Skip to main content

The Importance of Great Dialog and Sharp Wit

The Importance of Being EarnestThe Importance of Being Earnest by Oscar Wilde
My rating: 4 of 5 stars

It's been years since I had read this or watched it performed, but I still remembered how crisp and clever was the dialog. After reading it again, I enjoyed it even more than the pleasant memory.

This play is about two men, John and Algernon, who lead double lives. They are habitual liars, and their mainstay fib is a "Bunbury", an invented friend/relative who they use to avoid social obligations. This concept of double life, of course, reflects other aspects of Wilde's life that later lead to his downfall. This play was actually still on stage when Oscar Wilde prosecuted the Marquess of Queensbury for libel, which led to disclosures about his homosexual relationships, crimes punishable by imprisonment.

The Importance of Being Earnest was Wilde's last dramatic work, and represents his top form. In the hands of Wilde the characters cut scalding paths through such topics as death, marriage, relative morality, and literature itself. Nothing is sacred, but it's never tasteless. Whether it's commentary that more than half of modern culture depends on what "shouldn't be read" or commenting that it's a terrible thing to discover one has been (accidentally) telling the truth their entire life, Wilde's punchy dialog is brilliant and challenging.

There is also a good deal of Wilde in his two protagonists. It's easy to see how his behavior and sneering commentary might have alienated Victorian society, but it's also clear that no one could do it better. Today it's a romp and a reminder that we rely on uncommon people like Wilde to question our false morality and society's conventions. Back then, however, it was perilous, and the joy Wilde has in his cavorting is heartening. I think it's impossible to read the interchange and, if not love him, at least to realize the enormous value of the mirror he lifts for society to reflect upon.

A word about the final reveal without giving anything away: Yes, it's not as brilliant as the rest of the piece, but given the tour de force of the rest, it's forgivable. Besides, he knew his audience. That kind of humor appealed to the masses, and there is no better proof than the work's immediate success on the London stage, which was unfortunately short-lived. Within weeks of its debut, Mr. Wilde would be in prison.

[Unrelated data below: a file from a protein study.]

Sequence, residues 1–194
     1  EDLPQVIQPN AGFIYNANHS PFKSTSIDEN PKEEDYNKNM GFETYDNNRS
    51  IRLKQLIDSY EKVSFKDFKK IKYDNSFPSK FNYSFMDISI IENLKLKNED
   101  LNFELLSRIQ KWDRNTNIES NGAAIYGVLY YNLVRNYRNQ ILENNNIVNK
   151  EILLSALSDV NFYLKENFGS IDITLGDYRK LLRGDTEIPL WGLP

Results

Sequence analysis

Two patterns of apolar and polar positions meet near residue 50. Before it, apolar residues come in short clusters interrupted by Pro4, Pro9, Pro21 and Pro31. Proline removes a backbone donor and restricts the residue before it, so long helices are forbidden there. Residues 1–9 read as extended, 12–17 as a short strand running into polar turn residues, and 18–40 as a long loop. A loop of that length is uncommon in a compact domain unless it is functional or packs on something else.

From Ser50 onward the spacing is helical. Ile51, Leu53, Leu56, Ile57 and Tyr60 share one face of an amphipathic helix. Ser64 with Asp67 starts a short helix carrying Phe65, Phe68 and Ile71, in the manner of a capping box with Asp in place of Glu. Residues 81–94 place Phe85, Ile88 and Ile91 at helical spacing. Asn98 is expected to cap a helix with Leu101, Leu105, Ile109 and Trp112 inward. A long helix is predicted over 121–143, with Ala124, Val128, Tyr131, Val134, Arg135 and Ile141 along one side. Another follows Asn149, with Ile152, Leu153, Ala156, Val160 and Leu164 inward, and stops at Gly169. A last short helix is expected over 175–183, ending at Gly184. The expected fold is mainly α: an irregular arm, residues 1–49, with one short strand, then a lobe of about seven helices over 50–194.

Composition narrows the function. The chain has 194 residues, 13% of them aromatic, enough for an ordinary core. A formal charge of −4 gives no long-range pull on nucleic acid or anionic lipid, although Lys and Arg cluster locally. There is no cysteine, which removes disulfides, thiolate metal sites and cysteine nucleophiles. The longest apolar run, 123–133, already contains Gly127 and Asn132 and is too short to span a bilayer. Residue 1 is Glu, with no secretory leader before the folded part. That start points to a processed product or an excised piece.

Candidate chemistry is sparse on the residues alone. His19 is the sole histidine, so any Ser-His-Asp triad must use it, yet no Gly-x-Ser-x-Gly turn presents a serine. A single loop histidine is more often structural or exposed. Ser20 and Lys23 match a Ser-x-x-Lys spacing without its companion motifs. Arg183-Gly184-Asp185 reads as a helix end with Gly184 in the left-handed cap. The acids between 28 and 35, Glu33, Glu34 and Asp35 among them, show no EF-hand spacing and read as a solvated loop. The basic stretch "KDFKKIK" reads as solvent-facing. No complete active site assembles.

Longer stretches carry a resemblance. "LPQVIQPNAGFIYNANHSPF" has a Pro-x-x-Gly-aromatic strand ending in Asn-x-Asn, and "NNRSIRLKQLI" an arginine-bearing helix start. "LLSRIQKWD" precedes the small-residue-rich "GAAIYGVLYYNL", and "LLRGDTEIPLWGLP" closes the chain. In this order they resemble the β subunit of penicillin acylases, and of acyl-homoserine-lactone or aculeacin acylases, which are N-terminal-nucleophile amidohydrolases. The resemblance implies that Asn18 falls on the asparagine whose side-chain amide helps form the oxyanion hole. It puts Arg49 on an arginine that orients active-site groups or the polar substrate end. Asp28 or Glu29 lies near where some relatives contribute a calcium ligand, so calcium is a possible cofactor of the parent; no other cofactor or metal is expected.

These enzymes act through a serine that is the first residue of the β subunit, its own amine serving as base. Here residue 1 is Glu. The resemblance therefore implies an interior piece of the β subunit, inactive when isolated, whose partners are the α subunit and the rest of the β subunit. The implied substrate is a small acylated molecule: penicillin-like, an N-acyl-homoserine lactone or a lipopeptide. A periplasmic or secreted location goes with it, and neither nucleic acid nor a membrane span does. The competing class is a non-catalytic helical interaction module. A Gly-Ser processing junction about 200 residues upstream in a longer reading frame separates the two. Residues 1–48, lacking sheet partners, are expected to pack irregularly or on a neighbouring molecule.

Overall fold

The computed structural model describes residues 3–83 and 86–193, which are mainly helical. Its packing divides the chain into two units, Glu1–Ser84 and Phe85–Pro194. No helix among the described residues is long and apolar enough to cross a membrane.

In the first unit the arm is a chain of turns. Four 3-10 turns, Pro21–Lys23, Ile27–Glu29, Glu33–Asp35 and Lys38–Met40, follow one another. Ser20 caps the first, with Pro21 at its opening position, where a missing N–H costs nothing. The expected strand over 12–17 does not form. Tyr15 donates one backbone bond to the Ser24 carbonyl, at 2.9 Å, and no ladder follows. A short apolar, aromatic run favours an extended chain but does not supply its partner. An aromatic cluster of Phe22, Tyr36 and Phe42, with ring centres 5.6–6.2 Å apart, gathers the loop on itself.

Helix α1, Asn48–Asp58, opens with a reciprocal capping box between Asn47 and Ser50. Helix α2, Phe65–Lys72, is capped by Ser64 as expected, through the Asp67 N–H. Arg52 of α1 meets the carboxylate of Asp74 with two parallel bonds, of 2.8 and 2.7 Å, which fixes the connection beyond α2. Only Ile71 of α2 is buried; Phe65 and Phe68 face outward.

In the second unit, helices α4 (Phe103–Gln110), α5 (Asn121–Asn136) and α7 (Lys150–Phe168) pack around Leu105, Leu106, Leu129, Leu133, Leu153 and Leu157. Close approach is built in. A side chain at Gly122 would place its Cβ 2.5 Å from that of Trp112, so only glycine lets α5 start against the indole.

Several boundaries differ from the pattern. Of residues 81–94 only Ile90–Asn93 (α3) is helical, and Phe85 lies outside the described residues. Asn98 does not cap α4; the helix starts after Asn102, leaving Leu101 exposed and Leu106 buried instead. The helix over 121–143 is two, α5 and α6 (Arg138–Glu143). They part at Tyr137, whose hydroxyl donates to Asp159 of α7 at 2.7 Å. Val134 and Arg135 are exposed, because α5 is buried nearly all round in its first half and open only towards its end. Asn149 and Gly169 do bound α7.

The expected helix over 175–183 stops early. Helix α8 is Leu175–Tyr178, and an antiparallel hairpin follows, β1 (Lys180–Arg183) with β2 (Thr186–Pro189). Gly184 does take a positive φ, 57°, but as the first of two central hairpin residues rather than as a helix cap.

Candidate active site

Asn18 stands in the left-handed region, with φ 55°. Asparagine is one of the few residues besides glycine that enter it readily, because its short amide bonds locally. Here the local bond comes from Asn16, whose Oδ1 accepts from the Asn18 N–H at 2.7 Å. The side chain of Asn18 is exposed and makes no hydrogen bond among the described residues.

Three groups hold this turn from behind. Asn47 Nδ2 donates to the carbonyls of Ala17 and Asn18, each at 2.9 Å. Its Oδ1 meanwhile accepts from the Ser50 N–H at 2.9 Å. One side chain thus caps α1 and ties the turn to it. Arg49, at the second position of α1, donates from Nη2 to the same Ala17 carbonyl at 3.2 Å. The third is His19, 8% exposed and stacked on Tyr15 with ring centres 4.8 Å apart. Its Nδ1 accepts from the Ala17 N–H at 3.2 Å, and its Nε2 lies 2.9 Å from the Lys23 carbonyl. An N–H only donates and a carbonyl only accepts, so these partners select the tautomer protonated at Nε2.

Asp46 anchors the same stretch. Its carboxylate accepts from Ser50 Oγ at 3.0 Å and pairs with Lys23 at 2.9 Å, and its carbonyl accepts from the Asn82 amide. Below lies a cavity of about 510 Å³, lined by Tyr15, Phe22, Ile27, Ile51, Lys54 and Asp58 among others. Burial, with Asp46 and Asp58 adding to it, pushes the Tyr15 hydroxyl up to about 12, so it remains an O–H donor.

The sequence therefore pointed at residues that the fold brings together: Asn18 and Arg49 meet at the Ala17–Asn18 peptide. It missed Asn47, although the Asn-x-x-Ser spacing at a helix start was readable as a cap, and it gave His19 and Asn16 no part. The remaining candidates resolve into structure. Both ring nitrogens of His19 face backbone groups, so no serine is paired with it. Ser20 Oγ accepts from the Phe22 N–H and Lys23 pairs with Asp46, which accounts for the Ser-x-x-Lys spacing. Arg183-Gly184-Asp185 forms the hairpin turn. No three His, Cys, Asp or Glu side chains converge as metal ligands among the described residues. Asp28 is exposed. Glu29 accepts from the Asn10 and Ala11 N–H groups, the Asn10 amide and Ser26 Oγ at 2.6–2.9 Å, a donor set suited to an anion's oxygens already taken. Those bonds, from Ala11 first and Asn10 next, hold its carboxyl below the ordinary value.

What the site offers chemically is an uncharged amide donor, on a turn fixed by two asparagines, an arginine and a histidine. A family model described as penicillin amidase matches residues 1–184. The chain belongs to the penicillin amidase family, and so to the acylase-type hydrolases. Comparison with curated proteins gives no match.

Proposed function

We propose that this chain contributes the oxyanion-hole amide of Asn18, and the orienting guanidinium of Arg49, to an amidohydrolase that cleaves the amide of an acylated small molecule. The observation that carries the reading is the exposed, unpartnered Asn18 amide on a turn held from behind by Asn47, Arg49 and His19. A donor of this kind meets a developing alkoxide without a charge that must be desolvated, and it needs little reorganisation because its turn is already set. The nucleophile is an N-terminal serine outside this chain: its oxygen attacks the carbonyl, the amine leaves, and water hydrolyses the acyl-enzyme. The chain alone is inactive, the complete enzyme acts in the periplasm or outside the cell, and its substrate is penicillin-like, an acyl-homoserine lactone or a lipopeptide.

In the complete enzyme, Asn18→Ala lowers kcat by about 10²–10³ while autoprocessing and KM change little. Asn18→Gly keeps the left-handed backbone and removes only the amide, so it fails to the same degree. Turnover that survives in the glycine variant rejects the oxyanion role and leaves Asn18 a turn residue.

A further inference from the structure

Enjoy it and appreciate that we live in a better time!


View all my reviews

Comments

Popular posts from this blog

The History of White Onliness in America

Sundown Towns: A Hidden Dimension of American Racism by James W. Loewen
My rating: 5 of 5 stars

A long horrific account of America's deliberate segregation, its underlying current of white-onliness, born out of Loewen's personal journey of awakening to the fact he was surrounded by Sundown Towns, those locales so hostile to blacks that the communities orchestrate ways to keep them out. It's a long, hard slog, filled with disheartening stories, marks of shame of our past, of our present really, but books like this are so important both as eye-openers and motivators. Nobody conscious to American culture--again not just its history! We are talking about the present in many instances here--can deny these exclusionary practices, but Loewen focuses on the scale using census data and adds anecdotes that personalize the experience.

I read a lot of reviews here that mention how terrible reading this makes everyone feel, but for my part, I am overwhelmed by optimism, because it is cl…

Nwahulwana

Wazimbo's "Nwahulwana"
Found this on a German site: Warum wanderst du von Bar zu Bar? (“Why do you wander from bar to bar?”)
So, the first time I heard this I thought I recognized some Portuguese, but it’s illusory; the language is actually Ronga. I suppose it was just the echoes of Brazilian music. I found, though, a translation into Portuguese, which I will translate to English, but here’s the thing: this transcription of the words isn’t correct. Also, I’m almost certain I hear “vôce” which means “you” in the lyrics. First, “nwahulwana” itself is a soft expression for prostitute, hence “night bird” is the poetic meaning. I thought it was a love song. My wife thought it was a prayer (probably because of the way Wazimbo lifts his eyes to the sky when he sings “Maria”). So, it is something like this, but there are mistakes, because the lines don’t match up. Also, I wonder if he is singing “Nwahulwana” when the song starts - . It’s hard to know since I don’t speak Ronga. 

Her…

Script Abbreviations in Screen Writing

SCRIPT ABBREVIATIONS 
ELS extreme long shot  MLS medium long shot  LS long shot  MS medium shot  MCU medium close-up  CU close-up  ECU extreme close-up  OS over-the-shoulder shot  2-S or 3-S two-shot or three-shot  POV point of view shot  ZI or ZO zoom in or zoom out  INT interior  EXT exterior  SOT or SOF sound on tape or sound on film BG background  SFX or F/X special effects (can be either sound or visual)  VO voice-over  OSV off-screen voice  DIS dissolve  MIC microphone  VTR videotape  Q cue (as in cue talent)  ANNCR announcer 
SUPER superimposition